Snyder: Foreign nationals could help Michigan economy

Posted on February 1, 2011

LANSING (AP) — Efforts in Detroit and Ann Arbor could serve as launching pads in Michigan’s attempt to attract more highly educated, foreign-born help to revitalize its economy.
Gov. Rick Snyder has asked state officials to develop an initiative to encourage immigrants with advanced college degrees to come to Michigan to live and work. The Republican governor says the effort could help reverse the “brain drain” that hampers Michigan’s ability to attract high-tech industries.
In an era where much of the immigration debate focuses on keeping illegals out, there’s a movement in Michigan to keep more of the legal foreign nationals in the state after they graduate with advanced degrees from universities here. Studies suggest they could play a key role in creating new businesses and jobs for Michigan residents.
“There’s a growing awareness about the potential,” said Steve Tobocman, a former Democratic state lawmaker connected to Global Detroit, an effort to boost the economy by making the region more welcoming to immigrants. “It’s been an untapped market.”
Global Detroit cites Duke University research indicating a third of Michigan’s high-tech startup companies founded between 1995 and 2005 had at least one immigrant founder. A U.S. Small Business Administration report found that 16 percent of all Michigan businesses started between 1996 and 2007 were started by an immigrant.
Immigrants living in southeast Michigan are more likely to have college degrees than non-immigrants, according to the Global Detroit study. Foreign-born students are awarded 44 percent of all master’s degrees in engineering and 62 percent of engineering doctorates in Michigan. Foreign-born residents account for roughly 6 percent of Michigan’s population.
The state is hoping to attract more entrepreneurs like Vinay Gupta, an Ann Arbor-based businessman originally from India who has started a half-dozen companies including a software firm called Janeeva. Gupta got an MBA from the University of Michigan while surrounded by students from other nations eager to dive into high-tech, emerging fields.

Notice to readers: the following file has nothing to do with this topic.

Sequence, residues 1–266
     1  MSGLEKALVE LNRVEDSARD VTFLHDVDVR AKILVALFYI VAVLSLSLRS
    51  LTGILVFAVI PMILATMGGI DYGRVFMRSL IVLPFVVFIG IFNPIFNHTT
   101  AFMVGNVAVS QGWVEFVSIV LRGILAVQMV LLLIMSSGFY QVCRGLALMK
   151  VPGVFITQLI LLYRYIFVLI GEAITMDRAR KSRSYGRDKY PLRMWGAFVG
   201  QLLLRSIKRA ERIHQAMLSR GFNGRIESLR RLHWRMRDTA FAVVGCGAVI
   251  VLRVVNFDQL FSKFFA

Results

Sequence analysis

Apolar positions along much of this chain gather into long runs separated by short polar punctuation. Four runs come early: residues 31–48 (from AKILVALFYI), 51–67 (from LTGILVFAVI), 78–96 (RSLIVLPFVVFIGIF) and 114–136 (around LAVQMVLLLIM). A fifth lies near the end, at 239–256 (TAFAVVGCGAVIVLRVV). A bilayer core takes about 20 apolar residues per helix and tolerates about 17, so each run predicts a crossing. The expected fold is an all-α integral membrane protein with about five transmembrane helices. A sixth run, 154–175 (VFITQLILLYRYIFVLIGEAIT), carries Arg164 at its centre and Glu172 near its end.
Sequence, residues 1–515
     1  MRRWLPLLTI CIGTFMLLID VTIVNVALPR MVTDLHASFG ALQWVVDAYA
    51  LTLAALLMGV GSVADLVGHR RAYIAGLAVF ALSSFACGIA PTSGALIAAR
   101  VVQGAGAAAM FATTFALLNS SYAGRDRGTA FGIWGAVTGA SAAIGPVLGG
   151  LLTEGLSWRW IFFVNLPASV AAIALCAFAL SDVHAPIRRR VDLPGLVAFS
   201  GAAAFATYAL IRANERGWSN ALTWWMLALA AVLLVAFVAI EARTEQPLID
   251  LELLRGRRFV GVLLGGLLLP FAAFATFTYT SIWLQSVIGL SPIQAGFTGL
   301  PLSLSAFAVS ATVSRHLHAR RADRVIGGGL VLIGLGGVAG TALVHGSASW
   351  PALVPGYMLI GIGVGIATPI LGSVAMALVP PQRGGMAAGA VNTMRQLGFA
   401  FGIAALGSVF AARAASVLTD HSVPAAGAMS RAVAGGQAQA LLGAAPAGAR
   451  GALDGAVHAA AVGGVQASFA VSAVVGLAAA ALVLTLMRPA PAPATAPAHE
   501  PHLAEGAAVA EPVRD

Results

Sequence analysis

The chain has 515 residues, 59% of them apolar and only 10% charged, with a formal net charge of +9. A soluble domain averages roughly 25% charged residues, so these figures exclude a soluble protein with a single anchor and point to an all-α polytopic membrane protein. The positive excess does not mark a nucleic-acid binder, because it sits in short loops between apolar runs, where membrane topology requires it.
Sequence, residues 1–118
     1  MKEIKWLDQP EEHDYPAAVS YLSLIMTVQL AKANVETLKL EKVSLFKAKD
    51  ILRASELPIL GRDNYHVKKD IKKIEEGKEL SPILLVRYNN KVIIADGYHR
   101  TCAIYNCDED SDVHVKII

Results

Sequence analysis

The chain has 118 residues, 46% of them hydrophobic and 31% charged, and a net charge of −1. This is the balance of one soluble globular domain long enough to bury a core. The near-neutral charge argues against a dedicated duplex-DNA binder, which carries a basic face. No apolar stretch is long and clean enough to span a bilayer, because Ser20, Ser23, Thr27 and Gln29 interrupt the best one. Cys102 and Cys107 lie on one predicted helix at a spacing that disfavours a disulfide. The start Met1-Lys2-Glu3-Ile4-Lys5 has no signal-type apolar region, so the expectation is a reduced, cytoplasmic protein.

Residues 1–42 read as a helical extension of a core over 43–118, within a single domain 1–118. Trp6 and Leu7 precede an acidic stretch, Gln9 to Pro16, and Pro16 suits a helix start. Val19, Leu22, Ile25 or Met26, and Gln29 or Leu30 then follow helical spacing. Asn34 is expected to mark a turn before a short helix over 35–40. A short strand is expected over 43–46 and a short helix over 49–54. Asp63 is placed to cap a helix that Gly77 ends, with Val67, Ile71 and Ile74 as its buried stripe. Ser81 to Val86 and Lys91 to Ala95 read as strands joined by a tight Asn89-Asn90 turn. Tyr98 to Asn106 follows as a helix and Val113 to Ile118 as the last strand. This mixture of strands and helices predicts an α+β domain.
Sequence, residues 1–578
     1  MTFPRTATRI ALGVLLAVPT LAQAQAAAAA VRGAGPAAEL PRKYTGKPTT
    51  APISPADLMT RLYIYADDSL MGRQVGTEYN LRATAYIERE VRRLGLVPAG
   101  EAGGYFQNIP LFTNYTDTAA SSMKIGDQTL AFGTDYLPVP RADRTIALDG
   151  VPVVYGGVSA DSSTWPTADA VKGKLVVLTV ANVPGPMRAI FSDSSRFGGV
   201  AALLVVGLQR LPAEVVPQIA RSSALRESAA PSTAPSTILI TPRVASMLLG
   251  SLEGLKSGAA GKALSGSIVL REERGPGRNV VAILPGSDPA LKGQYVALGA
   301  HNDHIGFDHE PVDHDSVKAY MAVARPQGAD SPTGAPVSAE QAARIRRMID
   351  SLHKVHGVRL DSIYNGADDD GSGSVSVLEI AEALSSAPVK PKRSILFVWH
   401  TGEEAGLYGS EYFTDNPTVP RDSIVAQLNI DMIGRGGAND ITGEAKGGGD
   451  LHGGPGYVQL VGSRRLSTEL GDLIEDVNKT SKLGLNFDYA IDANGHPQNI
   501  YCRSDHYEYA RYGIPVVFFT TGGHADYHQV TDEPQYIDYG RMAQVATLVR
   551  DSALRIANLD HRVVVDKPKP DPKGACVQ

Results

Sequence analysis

“Most times they are coming here to get degrees in markets and technologies of the future,” said Gupta, 49, a U.S. citizen since the mid-1990s. “The issue I think around here would be you have to have access to like-minded people and like-minded talent around which you can start businesses.”
That means making the state more welcoming to immigrants through programs such as Global Detroit and the Cultural Ambassadors in Ann Arbor.
The Ann Arbor program aims to capitalize on the region’s international population — driven in part by UM — to attract international business, have them partner with existing companies and keep talented immigrants in the region.
“It helps create a positive atmosphere,” said Michael Pedersen, 34, a UM student from Israel who expects to get his MBA this year and go to work for DTE Energy this summer. “We expect to stay here.”
Michigan has about 23,000 international students, said Scott Cooper, a Troy-based immigration attorney. More could be done to help them connect with employers or start their own businesses.
That could include changes at the federal level related to visas, Cooper said. But states also might do more to encourage foreign entrepreneurs to invest in the U.S.
“That’s where we’re kind of falling down, and frankly that’s where a lot of states aren’t yet competing well,” Cooper said. “So if we could facilitate this and get out there, I think Michigan could really be ahead of the curve on this.”
Michigan was the only state in the nation to lose population in the past decade, according to recently released census numbers, a reflection of the state’s lingering economic problems. The state’s jobless rate has improved, dropping to 11.7 percent in December, but still ranks fourth-highest in the nation.
The state is working to attract high-tech, life science and other companies to replace auto and manufacturing jobs lost in the past decade.
Snyder noted during his State of the State speech that about half of the start-up companies in California’s Silicon Valley have a foreign national as a founder.
“It’s a job generator, in the sense (that) if you get foreign nationals coming to be entrepreneurs and innovators, in a lot of cases they’ll end up partnering with people we already have here and establish a business,” Snyder told The Associated Press after mentioning the idea during his first State of the State address earlier this month. “It helps reduce unemployment for all of us by putting the right people in the process.”